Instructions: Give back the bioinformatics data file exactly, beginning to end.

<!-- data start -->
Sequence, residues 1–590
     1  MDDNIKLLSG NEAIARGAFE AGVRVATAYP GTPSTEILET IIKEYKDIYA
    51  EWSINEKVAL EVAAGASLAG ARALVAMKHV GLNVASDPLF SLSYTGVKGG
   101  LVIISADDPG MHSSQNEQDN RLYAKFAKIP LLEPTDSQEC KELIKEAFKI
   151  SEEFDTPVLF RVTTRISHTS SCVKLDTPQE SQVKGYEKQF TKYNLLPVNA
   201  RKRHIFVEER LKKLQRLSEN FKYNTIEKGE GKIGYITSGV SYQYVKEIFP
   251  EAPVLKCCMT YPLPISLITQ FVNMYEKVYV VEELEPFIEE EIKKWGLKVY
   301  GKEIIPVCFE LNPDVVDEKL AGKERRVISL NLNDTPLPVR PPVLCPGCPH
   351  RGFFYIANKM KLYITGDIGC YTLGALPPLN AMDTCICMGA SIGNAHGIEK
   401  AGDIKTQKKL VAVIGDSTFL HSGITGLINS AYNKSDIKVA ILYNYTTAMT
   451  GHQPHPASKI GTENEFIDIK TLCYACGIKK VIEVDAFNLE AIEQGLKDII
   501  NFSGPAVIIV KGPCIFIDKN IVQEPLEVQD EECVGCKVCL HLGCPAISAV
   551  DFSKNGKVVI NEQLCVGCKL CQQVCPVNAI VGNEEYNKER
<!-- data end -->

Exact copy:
Sequence, residues 1–590
     1  MDDNIKLLSG NEAIARGAFE AGVRVATAYP GTPSTEILET IIKEYKDIYA
    51  EWSINEKVAL EVAAGASLAG ARALVAMKHV GLNVASDPLF SLSYTGVKGG
   101  LVIISADDPG MHSSQNEQDN RLYAKFAKIP LLEPTDSQEC KELIKEAFKI
   151  SEEFDTPVLF RVTTRISHTS SCVKLDTPQE SQVKGYEKQF TKYNLLPVNA
   201  RKRHIFVEER LKKLQRLSEN FKYNTIEKGE GKIGYITSGV SYQYVKEIFP
   251  EAPVLKCCMT YPLPISLITQ FVNMYEKVYV VEELEPFIEE EIKKWGLKVY
   301  GKEIIPVCFE LNPDVVDEKL AGKERRVISL NLNDTPLPVR PPVLCPGCPH
   351  RGFFYIANKM KLYITGDIGC YTLGALPPLN AMDTCICMGA SIGNAHGIEK
   401  AGDIKTQKKL VAVIGDSTFL HSGITGLINS AYNKSDIKVA ILYNYTTAMT
   451  GHQPHPASKI GTENEFIDIK TLCYACGIKK VIEVDAFNLE AIEQGLKDII
   501  NFSGPAVIIV KGPCIFIDKN IVQEPLEVQD EECVGCKVCL HLGCPAISAV
   551  DFSKNGKVVI NEQLCVGCKL CQQVCPVNAI VGNEEYNKER